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Amazon Says: Thrilling, heartbreaking, and, at times, absurdly funny, The Last Resort is a remarkable true story about one family in a country under siege and a testament to the love, pers more...
Amazon Says: Thrilling, heartbreaking, and, at times, absurdly funny, The Last Resort is a remarkable true story about one family in a country under siege and a testament to the love, perseverance, and resilience of the human spirit. Born and raised in Zimbabwe, Douglas Rogers is the son of white farmers living through that country’s long and tense transition from postcolonial rule. He escaped the dull future mapped out for him by his parents for one of adventure and excitement in Europe and the United States. But when Zimbabwe’s president Robert Mugabe launched his violent program to reclaim white-owned land and Rogers’s parents were caught in the cross fire, everything changed. Lyn and Ros, the owners of Drifters–a famous game farm and backpacker lodge in the eastern mountains that was one of the most popular budget resorts in the country–found their home and resort under siege, their friends and neighbors expelled, and their lives in danger. But instead of leaving, as their son pleads with them to do, they haul out a shotgun and decide to stay. On returning to the country of his birth, Rogers finds his once orderly and progressive home transformed into something resembling a Marx Brothers romp crossed with Heart of Darkness: pot has supplanted maize in the fields; hookers have replaced college kids as guests; and soldiers, spies, and teenage diamond dealers guzzle beer at the bar. And yet, in spite of it all, Rogers’s parents–with the help of friends, farmworkers, lodge guests, and residents–among them black political dissidents and white refugee farmers–continue to hold on. But can they survive to the end? In the midst of a nation stuck between its stubborn past and an impatient future, Rogers soon begins to see his parents in a new light: unbowed, with passions and purpose renewed, even heroic. And, in the process, he learns that the "big story" he had relentlessly pursued his entire adult life as a roving journalist and travel writer was actually happening in his own backyard. Evoking elements of The Tender Bar and Absurdistan, The Last Resort is an inspiring, coming-of-age tale about home, love, hope, responsibility, and redemption. An edgy, roller-coaster adventure, it is also a deeply moving story about how to survive a corrupt Third World dictatorship with a little innovation, humor, bribery, and brothel management. less...
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Robert Mugabe's Zimbabwe by James R. Arnold
Amazon Says: Describes Robert Mugabe's rise to power in Zimbabwe's first elections as an independent nation, how his economic policies have contributed to the country's ruin, and what life more...
Amazon Says: Describes Robert Mugabe's rise to power in Zimbabwe's first elections as an independent nation, how his economic policies have contributed to the country's ruin, and what life is like in Zimbabwe under his rule. Title: Robert Mugabe's Zimbabwe Author: Arnold, James R./ Wiener, Roberta Publisher: Lerner Pub Group Publication Date: 2007/09/01 Number of Pages: 160 Binding Type: LIBRARY Library of Congress: 2006100765 less...
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Amazon Says: A former guerrilla leader who headed the resistance movement against white minority rule, Robert Mugabe was swept to power in Zimbabwe in 1980 on a tide of national euphoria w more...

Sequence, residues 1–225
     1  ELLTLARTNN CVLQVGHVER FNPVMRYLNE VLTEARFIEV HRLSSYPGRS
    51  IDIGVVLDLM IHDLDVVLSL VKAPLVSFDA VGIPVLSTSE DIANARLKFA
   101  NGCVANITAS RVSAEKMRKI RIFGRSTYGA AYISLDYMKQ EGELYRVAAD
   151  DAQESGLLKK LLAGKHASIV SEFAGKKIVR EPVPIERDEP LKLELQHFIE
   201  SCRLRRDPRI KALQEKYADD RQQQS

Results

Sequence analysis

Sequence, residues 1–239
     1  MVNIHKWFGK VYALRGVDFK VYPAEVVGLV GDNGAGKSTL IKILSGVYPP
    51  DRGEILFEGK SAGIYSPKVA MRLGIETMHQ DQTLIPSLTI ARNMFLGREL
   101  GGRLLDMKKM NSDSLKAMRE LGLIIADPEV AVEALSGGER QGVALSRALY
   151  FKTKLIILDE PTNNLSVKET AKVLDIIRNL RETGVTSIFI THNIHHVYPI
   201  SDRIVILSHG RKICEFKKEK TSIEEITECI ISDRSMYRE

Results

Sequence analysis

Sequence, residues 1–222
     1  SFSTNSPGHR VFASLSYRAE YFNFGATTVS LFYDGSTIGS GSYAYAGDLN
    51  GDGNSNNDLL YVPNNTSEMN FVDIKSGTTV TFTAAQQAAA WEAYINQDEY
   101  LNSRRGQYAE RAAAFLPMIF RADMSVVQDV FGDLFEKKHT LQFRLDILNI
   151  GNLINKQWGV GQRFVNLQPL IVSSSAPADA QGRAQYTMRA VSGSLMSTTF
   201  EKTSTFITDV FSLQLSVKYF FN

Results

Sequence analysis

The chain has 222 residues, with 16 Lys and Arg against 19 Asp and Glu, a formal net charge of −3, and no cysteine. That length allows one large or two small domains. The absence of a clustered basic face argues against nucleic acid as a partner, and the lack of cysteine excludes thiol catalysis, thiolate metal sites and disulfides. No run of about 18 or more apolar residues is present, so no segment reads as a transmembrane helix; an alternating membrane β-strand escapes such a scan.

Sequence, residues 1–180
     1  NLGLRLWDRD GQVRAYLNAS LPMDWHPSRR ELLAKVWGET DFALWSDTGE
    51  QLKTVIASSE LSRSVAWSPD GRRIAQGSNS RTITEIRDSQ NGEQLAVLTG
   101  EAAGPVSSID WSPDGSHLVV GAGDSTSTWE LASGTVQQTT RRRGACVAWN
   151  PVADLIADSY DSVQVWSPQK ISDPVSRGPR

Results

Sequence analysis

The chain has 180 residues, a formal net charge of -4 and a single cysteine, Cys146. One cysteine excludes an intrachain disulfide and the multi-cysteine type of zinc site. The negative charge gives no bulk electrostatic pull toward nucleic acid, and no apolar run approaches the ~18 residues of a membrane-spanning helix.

Amazon Says: A former guerrilla leader who headed the resistance movement against white minority rule, Robert Mugabe was swept to power in Zimbabwe in 1980 on a tide of national euphoria with promises of peace, prosperity, and racial harmony. He then proceeded to preside over the economic and political ruination of the country that he himself had once described as the “Jewel of Africa.” In his desperate attempt to create and perpetuate a one-party state over the past quarter century, he has thwarted the democratic process, used torture against his own people, and deliberately obstructed aid organizations when they offered assistance to the persecuted and starving. This expansive study examines the private life and political reign of this ruthless dictator and unveils new details about Mugabe’s life prior to 1980. Illustrated with a number of photos secretly smuggled out of the country, this unique look at Mugabe explains the ethos and the methods behind Africa’s unshakeable iron fist. less...
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Amazon Says: Blue mountains, golden fields, gin and tonics on the terrace--once it had seemed the most idyllic place on earth. But by August 2002, Marondera, in eastern Zimbabwe, had been more...
Amazon Says: Blue mountains, golden fields, gin and tonics on the terrace--once it had seemed the most idyllic place on earth. But by August 2002, Marondera, in eastern Zimbabwe, had been turned into a bloody battleground, the center of a violent campaign. One bright morning, Nigel Hough, one of the few remaining white farmers, received the news he had been dreading. A crowd of war veterans was at his gates, demanding he hand over his homestead. The mob started a fire and dragged him to an outhouse. To his shock, the leader of the invaders was his family’s much-loved nanny Aqui. “Get out or we’ll kill you,” she said. “There is no place for whites in this country.”            Christina Lamb uncovered the astonishing saga she tells in House of Stone while traveling back and forth to report clandestinely on Zimbabwe. Her powerful narrative traces the history of the brutal civil war, independence, and the Mugabe years, all through the lives of two people on opposing sides. Although born within a few miles of each other, their experience growing up could not have been more different. While Nigel played cricket and piloted his own plane, Aqui grew up in a mud hut, sleeping on the floor with her brothers and sisters. “They had cars and went shopping in South Africa. We didn’t have food and had to walk an hour each way to fetch water,” she remembers.            House of Stone (“dzimba dza mabwe” or “Zimbabwe” in Shona) is based on a remarkable series of interviews with this white farmer and black nanny, set against the backdrop of the last British colony to become independent, and the descent into madness of Robert Mugabe, one of Africa’s most respected nationalist leaders. less...